This year, Bonanno has been arriving to practice up to 15 minutes early, and is often seen doing extra mobility work and stretching beforehand.
Sometimes even after practice, she will even stay and ensure she gets in her hurdle mobility.
“I think that has a big contribution to her staying healthy and her constant improvement,” Steinman said.
Vessicchio took note of her level of commitment this year as well.
“Kate may be faster than all of us; she is very inclusive and does not make anyone feel left behind or lower than her. She is there after a hard workout or race and checks in on things outside of just running. She also leads by example by focusing on fueling her body, working hard, staying consistent, and getting enough sleep,” Vessicchio said.
Additionally, coming into her junior year, Bonanno and Steinman talked about her mindset.
“I have encouraged her to think, not just think about the numbers and the times. But, also think about how you can really compete, and then the times will follow. I think that is what is helping her even achieve some pretty good times. However, also really just because she is competing so hard,” Steinman said.
As of this season, Bonanno’s times have been notably better. The Pride’s first 5K was at the UMass Dartmouth Cross Country Invitational.
“I was surprised when I crossed the line. I crossed the line and was like, ‘Oh that is a minute faster than I ran last year.’”
She placed 19th this year, and 44th the year prior.
This performance was followed up on Oct. 8. She placed fourth at the James Earley Invitational for the 5k with a time of 19:04.5. This is opposed to her previous season, where she had a time of 19:50.3 – and placed 34th.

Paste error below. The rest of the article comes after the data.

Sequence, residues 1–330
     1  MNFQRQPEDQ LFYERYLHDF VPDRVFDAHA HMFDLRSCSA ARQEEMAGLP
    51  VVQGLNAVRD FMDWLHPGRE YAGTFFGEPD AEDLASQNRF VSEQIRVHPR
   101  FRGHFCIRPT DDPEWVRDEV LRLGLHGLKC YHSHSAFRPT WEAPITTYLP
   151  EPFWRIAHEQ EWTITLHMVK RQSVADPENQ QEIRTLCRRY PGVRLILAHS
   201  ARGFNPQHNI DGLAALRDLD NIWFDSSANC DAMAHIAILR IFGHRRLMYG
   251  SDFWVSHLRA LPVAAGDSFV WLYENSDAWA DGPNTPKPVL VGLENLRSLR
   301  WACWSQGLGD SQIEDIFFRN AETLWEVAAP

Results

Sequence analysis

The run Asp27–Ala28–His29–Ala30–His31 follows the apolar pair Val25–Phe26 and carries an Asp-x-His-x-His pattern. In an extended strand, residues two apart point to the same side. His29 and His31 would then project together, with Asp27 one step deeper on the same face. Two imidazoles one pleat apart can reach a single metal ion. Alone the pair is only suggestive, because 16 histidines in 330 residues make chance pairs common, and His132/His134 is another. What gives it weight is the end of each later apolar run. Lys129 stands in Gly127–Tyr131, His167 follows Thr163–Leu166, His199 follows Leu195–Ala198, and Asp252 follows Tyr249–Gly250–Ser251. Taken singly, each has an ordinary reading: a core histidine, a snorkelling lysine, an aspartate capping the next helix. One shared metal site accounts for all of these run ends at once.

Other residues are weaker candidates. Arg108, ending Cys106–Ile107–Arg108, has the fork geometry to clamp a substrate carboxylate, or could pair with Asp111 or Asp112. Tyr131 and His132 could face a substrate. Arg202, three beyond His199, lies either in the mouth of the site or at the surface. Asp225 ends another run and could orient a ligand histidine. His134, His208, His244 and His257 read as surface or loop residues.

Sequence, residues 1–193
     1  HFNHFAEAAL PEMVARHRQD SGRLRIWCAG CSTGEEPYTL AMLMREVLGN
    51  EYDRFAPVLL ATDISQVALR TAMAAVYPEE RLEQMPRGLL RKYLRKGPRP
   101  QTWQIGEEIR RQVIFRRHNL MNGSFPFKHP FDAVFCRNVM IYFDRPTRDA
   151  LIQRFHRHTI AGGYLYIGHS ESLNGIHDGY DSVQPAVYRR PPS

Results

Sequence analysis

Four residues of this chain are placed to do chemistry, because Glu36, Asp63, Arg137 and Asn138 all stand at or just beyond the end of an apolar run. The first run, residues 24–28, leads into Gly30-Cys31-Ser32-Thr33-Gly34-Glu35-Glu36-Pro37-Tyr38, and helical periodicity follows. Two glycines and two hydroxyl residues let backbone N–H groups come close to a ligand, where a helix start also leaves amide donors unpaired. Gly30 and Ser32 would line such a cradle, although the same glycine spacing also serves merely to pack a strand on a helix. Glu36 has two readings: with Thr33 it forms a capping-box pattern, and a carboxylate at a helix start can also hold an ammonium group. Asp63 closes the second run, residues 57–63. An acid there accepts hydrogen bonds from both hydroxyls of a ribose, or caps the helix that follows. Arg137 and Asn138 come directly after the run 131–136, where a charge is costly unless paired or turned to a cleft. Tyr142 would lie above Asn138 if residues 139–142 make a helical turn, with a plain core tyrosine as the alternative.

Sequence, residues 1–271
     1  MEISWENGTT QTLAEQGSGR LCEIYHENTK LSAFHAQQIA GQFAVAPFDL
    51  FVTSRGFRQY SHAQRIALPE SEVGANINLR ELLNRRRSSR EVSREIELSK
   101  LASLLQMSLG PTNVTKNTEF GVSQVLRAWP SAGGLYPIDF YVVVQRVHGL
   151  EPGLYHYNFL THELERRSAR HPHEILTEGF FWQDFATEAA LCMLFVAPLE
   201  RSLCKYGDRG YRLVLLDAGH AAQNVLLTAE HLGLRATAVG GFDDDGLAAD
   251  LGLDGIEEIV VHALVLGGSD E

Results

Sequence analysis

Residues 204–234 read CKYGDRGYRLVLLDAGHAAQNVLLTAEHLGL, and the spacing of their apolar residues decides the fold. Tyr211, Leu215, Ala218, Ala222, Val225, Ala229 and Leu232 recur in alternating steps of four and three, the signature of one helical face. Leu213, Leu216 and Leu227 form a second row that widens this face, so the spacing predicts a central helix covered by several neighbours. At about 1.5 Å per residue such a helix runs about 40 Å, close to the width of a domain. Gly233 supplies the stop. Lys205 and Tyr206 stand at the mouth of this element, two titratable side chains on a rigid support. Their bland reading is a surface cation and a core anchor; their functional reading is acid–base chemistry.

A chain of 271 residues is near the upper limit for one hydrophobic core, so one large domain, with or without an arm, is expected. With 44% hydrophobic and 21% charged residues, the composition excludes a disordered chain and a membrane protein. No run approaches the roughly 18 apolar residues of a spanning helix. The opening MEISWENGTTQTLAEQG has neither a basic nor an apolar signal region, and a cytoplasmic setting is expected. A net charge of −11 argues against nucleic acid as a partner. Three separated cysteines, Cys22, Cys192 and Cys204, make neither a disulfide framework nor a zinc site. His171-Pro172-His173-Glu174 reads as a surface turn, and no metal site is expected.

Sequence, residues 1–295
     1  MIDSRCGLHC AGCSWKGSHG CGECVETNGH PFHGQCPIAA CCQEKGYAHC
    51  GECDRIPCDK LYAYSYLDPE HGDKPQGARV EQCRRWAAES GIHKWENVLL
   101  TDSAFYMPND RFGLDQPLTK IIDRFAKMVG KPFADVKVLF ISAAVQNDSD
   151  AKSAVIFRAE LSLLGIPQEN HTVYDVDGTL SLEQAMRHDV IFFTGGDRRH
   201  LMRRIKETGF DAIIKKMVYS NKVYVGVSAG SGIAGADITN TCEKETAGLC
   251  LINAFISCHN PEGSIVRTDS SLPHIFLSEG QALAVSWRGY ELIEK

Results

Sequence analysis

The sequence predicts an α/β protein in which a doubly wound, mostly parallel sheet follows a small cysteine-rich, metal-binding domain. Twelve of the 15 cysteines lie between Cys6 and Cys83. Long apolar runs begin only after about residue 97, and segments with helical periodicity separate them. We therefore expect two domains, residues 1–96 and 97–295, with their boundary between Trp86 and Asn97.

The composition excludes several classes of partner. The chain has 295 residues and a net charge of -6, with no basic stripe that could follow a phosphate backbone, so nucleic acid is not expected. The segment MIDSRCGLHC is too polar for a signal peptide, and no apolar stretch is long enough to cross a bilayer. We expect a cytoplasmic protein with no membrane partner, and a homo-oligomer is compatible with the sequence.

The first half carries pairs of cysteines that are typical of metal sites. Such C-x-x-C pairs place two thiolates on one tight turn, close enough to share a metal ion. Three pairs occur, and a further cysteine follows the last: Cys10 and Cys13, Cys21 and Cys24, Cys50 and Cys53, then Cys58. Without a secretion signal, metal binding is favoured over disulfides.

The jarring time difference is rarely seen between the span of just a season. However, Bonanno demonstrated her improvement again on Oct. 15 at the Connecticut College Invitational.
A year ago, she placed 86th for the 6k with a time of 24:29.3. This year, she ran to place fifth in the same event at 23:28.1.
Bonanno’s leadership style has excelled this year and it has been recognized.
“She always does the extra mileage,” Steinman said. “I think that is an excellent leadership style for her just to get out there and show everybody what it takes and what needs to be done.”
As for Bonanno’s parents, the answer was obvious when asked if they were proud of her accomplishments this season. “Of course, we are proud of Kate! How could we not be? She is an amazing person,” they said.
Her ability to give encouragement to her teammates has also made an impression.
“She also really supports everybody and where they are at as well,” Steinman said. “She goes above and beyond by hugging everybody after their races.”
Bonanno provided insight to the succinct success she has seen this season:
“You have to be patient because the results can take a long time to come,” Bonanno said. “But if you keep showing up and you stay hungry the results will show – especially at the times you least expect it to.”
Photo Courtesy of David Wong